By Sheikh Bandar b. Muhammad al-Rabâh
It is popularly assumed that the Angel of Death goes by the name Azrael, but there is really no evidence to support this claim.
This name “Azrael” does not appear anywhere in the Qur’ân, not does it appear in the Prophet’s Sunnah.
Some of the Successors were known to refer to the Angel of Death by this name, including al-Hasan al-Basrî. However, none of them ever attributed this practice to the Prophet (peace be upon him) or even to one of the Companions.
This leads us to believe that the name was taken from Jewish traditions. We know that the name derives from the Hebrew words for “Helper of God” – from the Hebrew (‘azar) “help” and (‘el) “God”. It is the name of three minor characters in the Old Testament.
In Islamic traditions, the angel is referred to as the Angel of Death (Malak al-Mawt).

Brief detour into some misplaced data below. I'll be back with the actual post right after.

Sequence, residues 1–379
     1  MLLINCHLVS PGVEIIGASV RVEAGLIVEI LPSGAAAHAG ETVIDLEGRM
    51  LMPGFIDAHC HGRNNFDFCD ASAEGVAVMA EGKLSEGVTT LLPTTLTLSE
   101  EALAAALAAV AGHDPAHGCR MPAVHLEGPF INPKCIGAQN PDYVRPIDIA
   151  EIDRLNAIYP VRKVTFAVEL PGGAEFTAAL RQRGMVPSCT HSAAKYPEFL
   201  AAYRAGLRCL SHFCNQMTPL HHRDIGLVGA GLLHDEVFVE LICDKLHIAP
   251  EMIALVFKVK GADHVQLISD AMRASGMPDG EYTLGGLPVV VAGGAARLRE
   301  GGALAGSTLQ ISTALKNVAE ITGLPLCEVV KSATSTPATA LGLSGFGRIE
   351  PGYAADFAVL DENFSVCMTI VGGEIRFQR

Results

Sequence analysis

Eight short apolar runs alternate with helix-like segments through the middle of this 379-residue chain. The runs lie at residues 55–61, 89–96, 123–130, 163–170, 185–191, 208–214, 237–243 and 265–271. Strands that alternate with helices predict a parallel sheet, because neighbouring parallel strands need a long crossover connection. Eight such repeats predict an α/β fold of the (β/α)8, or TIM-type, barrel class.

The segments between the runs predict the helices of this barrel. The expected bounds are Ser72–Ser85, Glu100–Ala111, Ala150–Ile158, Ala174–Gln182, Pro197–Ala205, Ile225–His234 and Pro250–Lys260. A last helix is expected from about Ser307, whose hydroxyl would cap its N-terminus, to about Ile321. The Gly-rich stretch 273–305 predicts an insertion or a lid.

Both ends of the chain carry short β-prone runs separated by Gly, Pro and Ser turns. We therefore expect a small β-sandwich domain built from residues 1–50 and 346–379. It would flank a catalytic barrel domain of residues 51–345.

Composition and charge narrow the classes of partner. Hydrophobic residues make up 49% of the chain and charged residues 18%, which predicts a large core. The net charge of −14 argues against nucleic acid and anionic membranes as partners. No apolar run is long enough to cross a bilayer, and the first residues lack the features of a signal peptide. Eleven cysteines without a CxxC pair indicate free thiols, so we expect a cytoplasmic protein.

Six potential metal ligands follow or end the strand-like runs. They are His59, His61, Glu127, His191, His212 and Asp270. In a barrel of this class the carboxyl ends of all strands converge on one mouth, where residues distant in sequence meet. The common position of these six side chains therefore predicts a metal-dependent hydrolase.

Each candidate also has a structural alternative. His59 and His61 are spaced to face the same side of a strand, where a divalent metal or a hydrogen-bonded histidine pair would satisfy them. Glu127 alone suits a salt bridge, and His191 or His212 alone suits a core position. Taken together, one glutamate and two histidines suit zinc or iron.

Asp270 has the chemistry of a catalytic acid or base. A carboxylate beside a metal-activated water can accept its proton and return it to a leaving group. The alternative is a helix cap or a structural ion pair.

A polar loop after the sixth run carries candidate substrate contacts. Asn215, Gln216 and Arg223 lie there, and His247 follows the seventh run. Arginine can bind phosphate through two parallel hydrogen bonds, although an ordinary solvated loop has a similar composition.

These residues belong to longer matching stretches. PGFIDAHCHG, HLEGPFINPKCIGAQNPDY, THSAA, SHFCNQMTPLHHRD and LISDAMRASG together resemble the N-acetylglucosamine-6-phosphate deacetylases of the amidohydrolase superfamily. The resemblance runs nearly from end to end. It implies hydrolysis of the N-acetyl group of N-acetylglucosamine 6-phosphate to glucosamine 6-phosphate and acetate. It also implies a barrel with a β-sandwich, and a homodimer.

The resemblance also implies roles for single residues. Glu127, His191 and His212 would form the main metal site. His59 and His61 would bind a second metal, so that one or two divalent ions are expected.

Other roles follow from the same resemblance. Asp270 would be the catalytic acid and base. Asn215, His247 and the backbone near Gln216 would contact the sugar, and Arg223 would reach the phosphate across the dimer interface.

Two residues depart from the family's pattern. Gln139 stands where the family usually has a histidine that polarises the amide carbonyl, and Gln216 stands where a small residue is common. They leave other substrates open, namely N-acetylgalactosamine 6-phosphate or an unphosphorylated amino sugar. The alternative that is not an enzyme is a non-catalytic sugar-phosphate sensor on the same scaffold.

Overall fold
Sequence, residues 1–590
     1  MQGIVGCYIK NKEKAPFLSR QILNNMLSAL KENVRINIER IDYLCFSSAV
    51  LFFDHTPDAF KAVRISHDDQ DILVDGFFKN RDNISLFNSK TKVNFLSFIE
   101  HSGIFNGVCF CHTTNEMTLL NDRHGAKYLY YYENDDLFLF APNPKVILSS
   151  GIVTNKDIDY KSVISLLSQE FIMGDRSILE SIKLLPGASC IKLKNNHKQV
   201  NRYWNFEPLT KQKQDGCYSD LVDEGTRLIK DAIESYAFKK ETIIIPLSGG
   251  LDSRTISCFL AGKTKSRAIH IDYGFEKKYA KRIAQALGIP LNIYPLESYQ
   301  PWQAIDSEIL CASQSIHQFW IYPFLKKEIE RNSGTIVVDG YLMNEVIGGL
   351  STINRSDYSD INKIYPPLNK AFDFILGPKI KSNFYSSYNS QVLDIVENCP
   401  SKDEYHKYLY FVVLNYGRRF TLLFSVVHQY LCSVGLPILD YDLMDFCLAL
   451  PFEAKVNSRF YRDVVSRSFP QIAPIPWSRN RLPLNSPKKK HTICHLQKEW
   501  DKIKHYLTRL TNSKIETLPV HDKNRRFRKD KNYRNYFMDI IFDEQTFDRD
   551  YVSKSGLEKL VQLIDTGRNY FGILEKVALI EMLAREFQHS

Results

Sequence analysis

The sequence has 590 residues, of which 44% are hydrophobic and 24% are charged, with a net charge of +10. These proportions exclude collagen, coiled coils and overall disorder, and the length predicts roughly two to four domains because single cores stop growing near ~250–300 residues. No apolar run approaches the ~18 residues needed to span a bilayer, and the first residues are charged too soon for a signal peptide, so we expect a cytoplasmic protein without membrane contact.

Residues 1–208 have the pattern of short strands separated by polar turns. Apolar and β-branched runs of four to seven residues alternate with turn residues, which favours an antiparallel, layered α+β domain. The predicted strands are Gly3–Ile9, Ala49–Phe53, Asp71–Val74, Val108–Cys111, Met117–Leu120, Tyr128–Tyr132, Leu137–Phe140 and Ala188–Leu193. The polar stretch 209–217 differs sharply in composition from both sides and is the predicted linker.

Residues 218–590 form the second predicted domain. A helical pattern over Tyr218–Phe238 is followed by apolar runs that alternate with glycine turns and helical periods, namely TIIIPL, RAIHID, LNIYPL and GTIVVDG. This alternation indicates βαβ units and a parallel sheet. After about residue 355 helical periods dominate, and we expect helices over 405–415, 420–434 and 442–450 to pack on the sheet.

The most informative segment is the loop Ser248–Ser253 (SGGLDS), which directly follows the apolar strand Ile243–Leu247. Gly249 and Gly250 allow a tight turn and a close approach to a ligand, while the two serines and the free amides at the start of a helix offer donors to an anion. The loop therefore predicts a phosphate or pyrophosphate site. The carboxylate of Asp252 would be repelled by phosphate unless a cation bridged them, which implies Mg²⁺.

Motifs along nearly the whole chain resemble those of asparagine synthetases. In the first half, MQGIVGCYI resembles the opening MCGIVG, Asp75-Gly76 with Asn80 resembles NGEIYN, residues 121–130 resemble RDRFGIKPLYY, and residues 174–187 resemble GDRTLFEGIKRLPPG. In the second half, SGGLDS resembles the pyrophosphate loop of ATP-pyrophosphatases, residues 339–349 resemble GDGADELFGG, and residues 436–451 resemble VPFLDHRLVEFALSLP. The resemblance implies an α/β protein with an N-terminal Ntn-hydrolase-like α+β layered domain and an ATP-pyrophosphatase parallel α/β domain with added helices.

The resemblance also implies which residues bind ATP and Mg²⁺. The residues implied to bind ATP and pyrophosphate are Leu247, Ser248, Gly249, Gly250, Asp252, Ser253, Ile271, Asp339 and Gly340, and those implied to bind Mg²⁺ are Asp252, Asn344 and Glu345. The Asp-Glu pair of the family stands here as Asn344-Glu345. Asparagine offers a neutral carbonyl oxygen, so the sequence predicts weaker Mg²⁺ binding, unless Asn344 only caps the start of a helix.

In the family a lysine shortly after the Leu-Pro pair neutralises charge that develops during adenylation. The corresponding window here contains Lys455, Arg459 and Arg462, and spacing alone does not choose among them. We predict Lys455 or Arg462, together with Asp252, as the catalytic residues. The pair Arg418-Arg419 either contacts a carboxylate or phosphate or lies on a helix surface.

Allah says “Say: The angel of death, who has charge concerning you, will gather your souls, and afterward unto your Lord you will be returned.” [Sûrah al-Sajdah: 11]
Al-Tahâwî says in his `Aqîdah: “We believe in the Angel of Death who is assigned the task of taking up the souls of all beings in Creation.”
Al-Albânî, in his commentary of al-Tahâwî’s work, writes: “(Malak al-Mawt) is his name in the Qur’ân. As for calling him “Azrael” as the general public does, this is a baseless practice.”
We would say that it is preferable for us to refer to this angel in the way that Allah refers to him – as the “Angel of Death” – rather than by some other name.
And Allah knows best.